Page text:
I had a sobering half-hour phone conversation today with my brother Suleman, a hospitalist at Valley Hospital in Ridgewood, New Jersey. Ridgewood lies just a few miles northwest of the current epicenter of coronavirus cases in New Jersey, Teaneck. My own county, Hunterdon, has just seen its first case.
I asked Suleman two questions: first, whether we’re taking the coronavirus outbreak seriously enough in the United States, and second, whether we’re headed for an Italy-like scenario here. His answer to the first question: a categorical “no.” His answer to the second question: a cagey half-yes whose optimistic half sounded more like wishful thinking than a realistic estimate. My heart sank a bit when I clarified my question to him.
Irfan: So what are the odds of a catastrophic outcome?
Suleman: Catastrophic? By definition relatively low.
Irfan: So things will be a lot different here than they were in Italy, then.
Suleman: Oh–you’re taking Italy as your baseline for “catastrophic.” No, I wouldn’t call those odds all that low. That could definitely happen here. We’ve done about as little as Italy, and with less excuse.
He doesn’t regard Italy as catastrophic! If Italy wasn’t catastrophic, what would be?
What he said was that nothing differentiates our level of preparedness for coronavirus from the Italian response except for the fact that we have greater resources for dealing with what will inevitably be an overwhelming demand for medical services within 7-10 days. But the demand will likely be so overwhelming that our greater resources won’t entirely compensate for it. We will at that point have to face choices of the sorts the Italians have faced. If we think of responses to the coronavirus on a spectrum, with South Korea or Taiwan at the successful end, and Italy at the disastrous end, we’re looking at something between those extremes, but closer to Italy than to South Korea or Taiwan. That’s the optimistic view. The truth is, we don’t know.
This is where Italy was dithering two weeks ago. At the time, the WHO “did not consider asymptomatic transmission a significant factor in the outbreak.” It is a significant factor. The basic problem is that the disease has an incubation period of two weeks during which carriers may be asymptomatic but can transmit. (The same mistake, of disregarding asymptomatic transmission, was made decades ago regarding herpes simplex 2.)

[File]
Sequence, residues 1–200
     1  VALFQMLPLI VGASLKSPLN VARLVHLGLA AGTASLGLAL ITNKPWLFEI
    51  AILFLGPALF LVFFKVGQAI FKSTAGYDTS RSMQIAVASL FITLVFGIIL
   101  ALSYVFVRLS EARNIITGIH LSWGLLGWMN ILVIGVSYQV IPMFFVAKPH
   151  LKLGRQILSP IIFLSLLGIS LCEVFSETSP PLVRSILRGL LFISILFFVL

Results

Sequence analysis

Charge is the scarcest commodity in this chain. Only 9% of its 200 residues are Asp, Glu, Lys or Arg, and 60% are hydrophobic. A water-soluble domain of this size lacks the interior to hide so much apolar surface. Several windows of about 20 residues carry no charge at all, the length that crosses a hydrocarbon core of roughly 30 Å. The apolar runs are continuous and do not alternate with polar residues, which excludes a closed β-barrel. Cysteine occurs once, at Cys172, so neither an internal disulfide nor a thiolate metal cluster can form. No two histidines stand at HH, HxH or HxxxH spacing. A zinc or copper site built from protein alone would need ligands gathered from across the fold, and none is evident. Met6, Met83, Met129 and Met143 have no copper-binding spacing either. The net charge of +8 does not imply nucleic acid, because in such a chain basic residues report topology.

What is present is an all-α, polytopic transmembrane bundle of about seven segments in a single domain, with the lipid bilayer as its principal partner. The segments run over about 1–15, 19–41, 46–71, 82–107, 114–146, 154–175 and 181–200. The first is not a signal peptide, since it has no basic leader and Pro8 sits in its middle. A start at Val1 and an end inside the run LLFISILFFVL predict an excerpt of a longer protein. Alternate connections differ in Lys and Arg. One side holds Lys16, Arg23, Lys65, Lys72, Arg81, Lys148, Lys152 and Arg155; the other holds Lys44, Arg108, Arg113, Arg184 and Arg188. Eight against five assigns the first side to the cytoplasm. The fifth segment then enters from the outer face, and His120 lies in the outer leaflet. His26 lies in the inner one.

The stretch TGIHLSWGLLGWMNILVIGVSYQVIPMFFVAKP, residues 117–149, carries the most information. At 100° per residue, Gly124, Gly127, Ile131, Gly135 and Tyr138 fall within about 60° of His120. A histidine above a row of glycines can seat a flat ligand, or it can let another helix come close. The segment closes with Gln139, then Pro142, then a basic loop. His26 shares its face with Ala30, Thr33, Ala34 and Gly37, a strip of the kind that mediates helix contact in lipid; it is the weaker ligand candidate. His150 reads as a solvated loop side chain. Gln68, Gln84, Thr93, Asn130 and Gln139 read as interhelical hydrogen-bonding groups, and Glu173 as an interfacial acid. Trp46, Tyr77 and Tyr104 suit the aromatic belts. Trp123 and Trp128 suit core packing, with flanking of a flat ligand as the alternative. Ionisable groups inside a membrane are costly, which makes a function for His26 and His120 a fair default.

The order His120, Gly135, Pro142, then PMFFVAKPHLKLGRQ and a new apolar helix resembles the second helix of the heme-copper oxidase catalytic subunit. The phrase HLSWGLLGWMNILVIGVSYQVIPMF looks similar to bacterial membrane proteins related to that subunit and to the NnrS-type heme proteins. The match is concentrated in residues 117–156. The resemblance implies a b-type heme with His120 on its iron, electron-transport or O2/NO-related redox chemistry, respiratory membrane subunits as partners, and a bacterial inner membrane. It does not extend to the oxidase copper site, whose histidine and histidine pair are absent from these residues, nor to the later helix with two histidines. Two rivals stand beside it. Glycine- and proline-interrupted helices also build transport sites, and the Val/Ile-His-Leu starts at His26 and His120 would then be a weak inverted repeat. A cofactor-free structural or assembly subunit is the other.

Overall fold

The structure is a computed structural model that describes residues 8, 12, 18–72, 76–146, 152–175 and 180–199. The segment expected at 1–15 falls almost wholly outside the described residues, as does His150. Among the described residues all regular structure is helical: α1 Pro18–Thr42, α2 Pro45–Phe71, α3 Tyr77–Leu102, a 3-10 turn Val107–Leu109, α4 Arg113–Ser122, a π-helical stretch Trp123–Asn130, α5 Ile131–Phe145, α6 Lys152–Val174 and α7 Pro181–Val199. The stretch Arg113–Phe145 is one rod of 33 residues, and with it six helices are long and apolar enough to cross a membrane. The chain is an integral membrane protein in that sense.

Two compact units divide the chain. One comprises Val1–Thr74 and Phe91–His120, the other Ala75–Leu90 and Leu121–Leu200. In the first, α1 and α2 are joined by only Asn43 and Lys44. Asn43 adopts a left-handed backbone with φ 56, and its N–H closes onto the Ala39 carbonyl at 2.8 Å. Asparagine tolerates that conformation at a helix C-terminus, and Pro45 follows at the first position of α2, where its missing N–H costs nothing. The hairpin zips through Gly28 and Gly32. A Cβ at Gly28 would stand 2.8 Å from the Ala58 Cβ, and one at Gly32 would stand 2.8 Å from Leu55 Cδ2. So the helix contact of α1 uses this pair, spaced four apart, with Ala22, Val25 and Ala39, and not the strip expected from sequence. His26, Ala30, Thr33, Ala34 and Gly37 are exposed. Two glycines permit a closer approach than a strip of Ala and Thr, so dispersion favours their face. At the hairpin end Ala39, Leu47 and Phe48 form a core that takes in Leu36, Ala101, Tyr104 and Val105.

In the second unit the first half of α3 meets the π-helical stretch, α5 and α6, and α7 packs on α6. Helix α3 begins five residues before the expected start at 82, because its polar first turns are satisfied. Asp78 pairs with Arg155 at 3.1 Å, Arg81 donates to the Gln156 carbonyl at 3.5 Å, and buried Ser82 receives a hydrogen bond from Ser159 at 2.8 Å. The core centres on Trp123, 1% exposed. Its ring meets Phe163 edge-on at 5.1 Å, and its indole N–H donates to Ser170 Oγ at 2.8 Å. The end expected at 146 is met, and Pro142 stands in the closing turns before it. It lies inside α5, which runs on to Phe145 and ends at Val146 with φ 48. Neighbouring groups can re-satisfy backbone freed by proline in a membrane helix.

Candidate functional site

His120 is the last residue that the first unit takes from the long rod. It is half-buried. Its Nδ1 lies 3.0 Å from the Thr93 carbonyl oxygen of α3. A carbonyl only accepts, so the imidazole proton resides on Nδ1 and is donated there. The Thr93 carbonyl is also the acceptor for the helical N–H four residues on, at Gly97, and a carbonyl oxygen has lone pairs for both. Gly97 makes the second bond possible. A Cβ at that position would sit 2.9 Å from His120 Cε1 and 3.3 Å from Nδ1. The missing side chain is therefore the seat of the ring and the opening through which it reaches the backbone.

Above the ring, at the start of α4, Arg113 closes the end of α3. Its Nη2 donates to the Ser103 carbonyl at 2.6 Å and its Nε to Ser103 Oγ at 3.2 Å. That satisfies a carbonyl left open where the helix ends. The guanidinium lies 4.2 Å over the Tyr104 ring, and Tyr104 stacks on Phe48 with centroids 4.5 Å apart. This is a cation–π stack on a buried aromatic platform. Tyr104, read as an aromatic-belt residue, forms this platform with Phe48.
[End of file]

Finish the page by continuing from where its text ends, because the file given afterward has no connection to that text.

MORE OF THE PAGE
I get that you may not be willing to accept the say-so of some random physician who happens to be the brother of the guy who runs the Policy of Truth blog. If you want a more mainstream source, I’d suggest reading this article in ROI, a New Jersey-based business journal–an interview with Mike Maron, the CEO of Holy Name Hospital in Teaneck, New Jersey. The basic takeaway: government information sources are way behind the curve, and most Americans are underestimating the severity of what’s to come.
“I can fall back on my cholera experiences in Haiti, which was devastating, considering the lack of basic medical supplies after the earthquake — and then the other things that came here, everything from MERS and SARS, and even when we ramped up for Ebola — this is unprecedented,” he said.
“I can tell you, it’s real.”
There are lots of other useful nuggets of information there, all variations on a couple of themes–the need for accurate local knowledge, and the need to engage in rigorous, systematic social distancing. (I happen to think that the advice offered in the article just linked-to is problematically understated, but it conveys the basic concept.)
To put the point in Randian terms, from Atlas Shrugged: what we have here is Nature’s version of the Taggart Transcontinental disaster in the making–operating simultaneously in slow and in fast motion. I’ll try to blog as much of it as I can. With classes moved online as of Monday, God knows I’m not going anywhere.
A post I wrote on my Phil 250 class blog back a few days ago, which has so far fallen on deaf ears. My Phil 250 sections contain about 65 students. Since March 12, the post has gotten 5 hits.
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